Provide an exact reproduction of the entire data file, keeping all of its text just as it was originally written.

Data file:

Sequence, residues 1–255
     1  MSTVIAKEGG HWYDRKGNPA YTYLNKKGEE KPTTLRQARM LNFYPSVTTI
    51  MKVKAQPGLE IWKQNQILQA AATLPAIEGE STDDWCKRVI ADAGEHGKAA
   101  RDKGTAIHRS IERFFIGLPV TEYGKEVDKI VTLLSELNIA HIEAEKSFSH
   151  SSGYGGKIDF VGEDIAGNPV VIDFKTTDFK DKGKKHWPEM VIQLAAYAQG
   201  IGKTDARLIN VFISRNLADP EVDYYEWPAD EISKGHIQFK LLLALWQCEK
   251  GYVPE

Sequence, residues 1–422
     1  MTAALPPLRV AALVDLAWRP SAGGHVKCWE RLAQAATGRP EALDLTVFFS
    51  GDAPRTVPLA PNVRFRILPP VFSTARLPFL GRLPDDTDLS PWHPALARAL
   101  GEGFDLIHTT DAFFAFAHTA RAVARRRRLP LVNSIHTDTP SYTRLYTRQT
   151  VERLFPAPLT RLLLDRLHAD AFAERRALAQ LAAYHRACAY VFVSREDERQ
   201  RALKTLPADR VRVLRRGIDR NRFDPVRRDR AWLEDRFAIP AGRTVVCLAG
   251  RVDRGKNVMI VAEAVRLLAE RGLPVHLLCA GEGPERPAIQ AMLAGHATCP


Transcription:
Sequence, residues 1–255
     1  MSTVIAKEGG HWYDRKGNPA YTYLNKKGEE KPTTLRQARM LNFYPSVTTI
    51  MKVKAQPGLE IWKQNQILQA AATLPAIEGE STDDWCKRVI ADAGEHGKAA
   101  RDKGTAIHRS IERFFIGLPV TEYGKEVDKI VTLLSELNIA HIEAEKSFSH
   151  SSGYGGKIDF VGEDIAGNPV VIDFKTTDFK DKGKKHWPEM VIQLAAYAQG
   201  IGKTDARLIN VFISRNLADP EVDYYEWPAD EISKGHIQFK LLLALWQCEK
   251  GYVPE

Sequence, residues 1–422
     1  MTAALPPLRV AALVDLAWRP SAGGHVKCWE RLAQAATGRP EALDLTVFFS
    51  GDAPRTVPLA PNVRFRILPP VFSTARLPFL GRLPDDTDLS PWHPALARAL
   101  GEGFDLIHTT DAFFAFAHTA RAVARRRRLP LVNSIHTDTP SYTRLYTRQT
   151  VERLFPAPLT RLLLDRLHAD AFAERRALAQ LAAYHRACAY VFVSREDERQ
   201  RALKTLPADR VRVLRRGIDR NRFDPVRRDR AWLEDRFAIP AGRTVVCLAG
   251  RVDRGKNVMI VAEAVRLLAE RGLPVHLLCA GEGPERPAIQ AMLAGHATCP